DISEASE BURDEN

March towards fewer cancer deaths

Treatment has been decentralised so detected cases are linked to care.

In Summary

• Kenya has prioritised prevention and control of NCDs as part of its progress towards Vision 2030.

• Government has set up strategies to increase manpower in oncology services, investment in equipment and automation of healthcare towards sharing of skills. 

FEWER CANCER DEATHS
FEWER CANCER DEATHS
Image: OZONE

Non-communicable Diseases (NCDs), including cancer, are chronic, caused by a combination of genetic, physiological, environmental and behavioural factors. The NCDs kill 40 million people annually, equivalent to 70 per cent of all deaths globally, according to the World Health Organization.

Currently, Kenya is experiencing an epidemiological transition in its disease burden from infectious to NCDs, resulting in a double burden. The largest burden comes from cardiovascular diseases, common infectious diseases and cancers, respectively. The top five common cancers in Kenya include Breast, Cervical, Oesophageal, Prostate and Colorectal.

The number of cancer cases has risen due to an ageing population resulting from improved life expectancy and increasing adoption of risky behaviours such as consumption of unhealthy diets, lack of physical exercise, harmful use of alcohol and tobacco use. Infections due to HIV, Human Papilloma Virus, Hepatitis B and C viruses have also contributed significantly to the cancer burden in Africa.

It is estimated that 47,887 new cases of cancer are detected annually, with about 3,200 new cases among children below 18 years. And 32,987 people die of cancer annually in Kenya. The increased reported cases of cancer are also attributed to increasing awareness among Kenyans and better diagnostic capacities.

Consequently, Kenya has prioritised prevention and control of NCDs as part of its progress towards Vision 2030 and launched the National Strategy for the Prevention and Control of Non-Communicable Diseases 2015-2020 and the National Cancer Control Strategy 2017-2022 as key policy documents.

Screening for breast cancer is now routinely done through manual palpation at all primary healthcare facilities and that of the cervix through visual inspection using a special dye. Mammography services are available in every county referral hospital following the implementation of the National Government’s Managed Equipment Service project while screening for colorectal cancer is available at Level 5 and 6 facilities.

The aim of the cancer strategy is to reduce cancer incidence, morbidity, mortality through prevention, screening and early detection, effective partnerships in diagnostics, treatment, palliation, financing, setting up cancer registries and research.

The government has set up other strategies to increase manpower in oncology services, investment in equipment and automation of healthcare towards sharing of human resource skills across the country leading to increased access to cancer services, and reduced the patient load at the national referral hospitals as well as waiting time.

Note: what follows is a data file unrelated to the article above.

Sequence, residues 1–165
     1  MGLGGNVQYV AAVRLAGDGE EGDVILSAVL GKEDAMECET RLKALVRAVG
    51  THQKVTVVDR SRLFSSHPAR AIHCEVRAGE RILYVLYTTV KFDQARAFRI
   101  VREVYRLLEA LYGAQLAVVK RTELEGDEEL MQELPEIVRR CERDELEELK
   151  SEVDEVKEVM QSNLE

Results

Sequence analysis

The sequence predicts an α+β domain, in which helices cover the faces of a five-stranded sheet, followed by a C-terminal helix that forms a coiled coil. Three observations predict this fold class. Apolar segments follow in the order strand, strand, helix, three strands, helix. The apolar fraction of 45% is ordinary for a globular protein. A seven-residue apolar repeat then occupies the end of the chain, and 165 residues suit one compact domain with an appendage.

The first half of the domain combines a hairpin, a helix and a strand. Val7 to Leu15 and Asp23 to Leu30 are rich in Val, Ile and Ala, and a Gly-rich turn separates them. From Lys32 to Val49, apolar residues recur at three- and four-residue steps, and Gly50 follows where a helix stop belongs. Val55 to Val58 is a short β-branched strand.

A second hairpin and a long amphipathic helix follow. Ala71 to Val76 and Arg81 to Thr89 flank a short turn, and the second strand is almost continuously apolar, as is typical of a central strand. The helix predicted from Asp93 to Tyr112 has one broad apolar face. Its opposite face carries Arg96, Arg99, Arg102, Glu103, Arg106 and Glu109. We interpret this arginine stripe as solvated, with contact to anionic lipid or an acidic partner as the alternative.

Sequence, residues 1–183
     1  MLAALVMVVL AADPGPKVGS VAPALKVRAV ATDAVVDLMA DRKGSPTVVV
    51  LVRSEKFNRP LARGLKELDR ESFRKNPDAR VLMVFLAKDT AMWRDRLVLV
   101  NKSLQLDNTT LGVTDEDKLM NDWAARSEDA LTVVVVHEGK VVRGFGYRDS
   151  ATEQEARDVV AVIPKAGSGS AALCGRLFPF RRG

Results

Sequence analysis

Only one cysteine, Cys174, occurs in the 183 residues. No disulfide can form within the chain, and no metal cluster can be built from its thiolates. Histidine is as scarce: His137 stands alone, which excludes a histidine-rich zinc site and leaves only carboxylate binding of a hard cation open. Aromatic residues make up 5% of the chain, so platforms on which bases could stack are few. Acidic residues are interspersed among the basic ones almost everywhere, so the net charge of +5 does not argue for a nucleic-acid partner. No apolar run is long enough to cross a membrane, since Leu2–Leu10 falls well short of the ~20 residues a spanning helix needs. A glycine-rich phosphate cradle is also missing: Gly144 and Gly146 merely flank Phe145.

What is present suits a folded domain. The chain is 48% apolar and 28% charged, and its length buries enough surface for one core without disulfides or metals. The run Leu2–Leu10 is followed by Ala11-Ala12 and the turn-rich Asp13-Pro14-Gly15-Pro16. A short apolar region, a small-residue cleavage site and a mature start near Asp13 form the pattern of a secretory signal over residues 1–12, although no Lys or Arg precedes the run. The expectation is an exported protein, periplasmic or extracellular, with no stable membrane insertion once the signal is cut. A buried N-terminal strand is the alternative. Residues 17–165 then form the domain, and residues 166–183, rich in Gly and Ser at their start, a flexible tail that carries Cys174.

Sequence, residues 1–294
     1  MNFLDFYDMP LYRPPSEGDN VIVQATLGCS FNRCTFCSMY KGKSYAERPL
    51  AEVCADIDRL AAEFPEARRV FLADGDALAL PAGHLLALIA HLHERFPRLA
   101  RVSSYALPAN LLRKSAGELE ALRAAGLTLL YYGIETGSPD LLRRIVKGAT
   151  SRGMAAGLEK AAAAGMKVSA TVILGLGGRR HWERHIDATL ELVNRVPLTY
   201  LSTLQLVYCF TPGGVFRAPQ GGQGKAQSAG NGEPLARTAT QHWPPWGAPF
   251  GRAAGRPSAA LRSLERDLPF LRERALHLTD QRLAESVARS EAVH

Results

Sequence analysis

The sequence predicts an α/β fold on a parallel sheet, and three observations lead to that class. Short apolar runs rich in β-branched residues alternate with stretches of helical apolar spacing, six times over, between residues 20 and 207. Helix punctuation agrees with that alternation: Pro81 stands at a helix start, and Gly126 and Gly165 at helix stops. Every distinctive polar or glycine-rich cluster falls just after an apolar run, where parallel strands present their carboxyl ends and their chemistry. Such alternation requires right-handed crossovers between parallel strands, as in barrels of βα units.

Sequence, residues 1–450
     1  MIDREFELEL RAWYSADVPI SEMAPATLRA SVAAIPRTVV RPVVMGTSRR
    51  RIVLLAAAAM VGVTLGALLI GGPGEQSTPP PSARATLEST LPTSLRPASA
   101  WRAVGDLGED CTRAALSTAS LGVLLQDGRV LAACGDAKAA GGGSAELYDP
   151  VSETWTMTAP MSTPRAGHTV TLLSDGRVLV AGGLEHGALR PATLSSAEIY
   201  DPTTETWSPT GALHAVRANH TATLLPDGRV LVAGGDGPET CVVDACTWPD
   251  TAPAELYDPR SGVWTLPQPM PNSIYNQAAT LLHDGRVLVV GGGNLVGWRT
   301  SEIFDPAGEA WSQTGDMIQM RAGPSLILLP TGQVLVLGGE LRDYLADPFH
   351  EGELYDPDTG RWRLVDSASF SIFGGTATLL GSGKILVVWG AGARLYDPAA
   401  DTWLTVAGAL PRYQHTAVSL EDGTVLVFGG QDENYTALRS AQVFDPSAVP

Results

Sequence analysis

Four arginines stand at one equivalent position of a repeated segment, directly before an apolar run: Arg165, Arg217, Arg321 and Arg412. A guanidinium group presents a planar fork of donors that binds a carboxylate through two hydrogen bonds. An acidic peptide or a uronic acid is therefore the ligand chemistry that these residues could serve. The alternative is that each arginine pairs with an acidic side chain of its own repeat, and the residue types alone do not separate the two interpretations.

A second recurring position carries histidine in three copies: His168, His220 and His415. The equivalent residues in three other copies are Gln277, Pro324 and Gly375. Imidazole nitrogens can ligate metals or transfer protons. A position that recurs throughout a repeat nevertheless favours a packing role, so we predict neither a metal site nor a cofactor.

Screening for breast cancer is now routinely done through manual palpation at all primary healthcare facilities and that of the cervix through visual inspection using a special dye. Mammography services are available in every county referral hospital following the implementation of the National Government’s Managed Equipment Service project while screening for colorectal cancer is available at Level 5 and 6 facilities.

Secondly, treatment services have been decentralised so that detected cases are linked to care. Kenyans are now able to access chemotherapy in seven county referral hospitals in Mombasa, Kisumu, Kakamega, Garissa, Nyeri, Nakuru and Meru. Similar services will soon be available in Embu, Bomet and Machakos hospitals.

The hospitals have been kitted with chemotherapy chairs, biosafety hoods, essential drugs and capacity building for health workers. The essential medicines for cancer are procured through Kemsa and availed to all county chemotherapy units as well as to Kenyatta and Moi teaching and referral hospitals.

In addition, there are ongoing interventions to further strengthen our capacity to manage cancer, which include operationalisation of the Kenyatta University Hospital within a month at an estimated cost of Sh1.5 billion and construction of radiotherapy centres in Mombasa, Garissa and Nakuru at a cost of Sh1.5 billion, which will be ready for use by December this year.

Other initiatives include the equipping of Moi Teaching and Referral Hospital with radiotherapy equipment by end of this year valued at Sh350 million and establishment of an Oncology Reference laboratory at the National Public Health Laboratory within a month to support county labs in cancer diagnosis. The project will leverage on the specimen referral networks already established under the HIV and TB programmes.

On financing and access, the NHIF’s oncology package, which covers consultation, radiotherapy and chemotherapy, has enabled Kenyans to access cancer treatment in public and private sectors.

To ensure provision of quality healthcare, Kenya has a progressive increase in the number of oncologists, which currently stands at 35 with an additional 20 in training institutions while short-term local training programmes have been established in collaboration with local teaching institutions.

Cabinet Secretary, Ministry of Health